No human being is infallible; “even the almighty Prof.” can make a mistake. If his work colleagues cannot talk honestly and openly with him, he is more likely to operate on the wrong side without being corrected.

SBAR: Situation Breakdown Assessment and Recommendation.
Free and clear communication should be taught and encouraged. If staff can talk freely, then they also need communications skills that ensure they are taken seriously. The first is to recognize situations than might lead to errors and call attention to it in a commanding manner. They need training to breakdown the issue, assess and then make strong direct recommendation that leads to action.

For example, someone can say, ‘Hey Boss, I can smell gas. A pipe may be leaking. Don’t turn on the light till we find out.’ This catches attention, breaks the situation down in a clear and understandable manner and immediately makes a reasonable recommendation.
A call to action that demands a response.

Swiss Cheese model.
The Swiss-cheese model was initially developed by James Reason to illustrate how the analysis of major accidents and catastrophes usually uncovered multiple, smaller predisposing failures that allowed a hazard to manifest as a risk. In experience with risk management and incident investigation, a serious incident requires half a dozen or more pre-conditions to all align. Some of these were pre-event and some post-event but in every case, any one of a number of barriers could have prevented the resulting incident if it had been highlighted and sorted.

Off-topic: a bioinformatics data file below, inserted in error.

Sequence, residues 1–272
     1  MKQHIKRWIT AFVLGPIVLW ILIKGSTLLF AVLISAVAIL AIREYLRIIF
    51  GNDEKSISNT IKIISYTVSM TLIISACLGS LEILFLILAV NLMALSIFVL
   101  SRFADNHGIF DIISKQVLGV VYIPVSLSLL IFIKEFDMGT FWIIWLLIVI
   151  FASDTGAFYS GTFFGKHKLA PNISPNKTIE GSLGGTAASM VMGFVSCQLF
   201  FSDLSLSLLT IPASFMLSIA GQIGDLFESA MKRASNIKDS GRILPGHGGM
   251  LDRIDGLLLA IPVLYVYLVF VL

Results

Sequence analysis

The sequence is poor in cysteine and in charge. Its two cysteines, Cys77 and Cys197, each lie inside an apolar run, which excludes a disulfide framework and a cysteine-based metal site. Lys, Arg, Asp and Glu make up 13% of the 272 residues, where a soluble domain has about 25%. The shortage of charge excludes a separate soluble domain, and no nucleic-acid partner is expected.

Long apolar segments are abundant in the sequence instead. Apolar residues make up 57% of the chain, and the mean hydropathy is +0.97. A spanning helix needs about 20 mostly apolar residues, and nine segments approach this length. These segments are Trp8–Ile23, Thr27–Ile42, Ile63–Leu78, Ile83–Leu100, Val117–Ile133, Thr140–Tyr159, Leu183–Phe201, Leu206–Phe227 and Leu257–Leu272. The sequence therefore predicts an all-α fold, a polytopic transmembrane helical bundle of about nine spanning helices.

In Reason’s Swiss Cheese model, each slice of cheese represents a barrier, any one of which is sufficient to prevent a hazard turning into consequences.

The Swiss-cheese theory works on the assumption that no single barrier is fool proof. They all have failings or ‘holes’ and when the holes align, a risk event can manifest as negative consequences. The model also highlighted that the healthcare professional is the last gatekeeper before the patient. If a mistake can be nullified, then it’s the healthcare professional who is likely to counter it.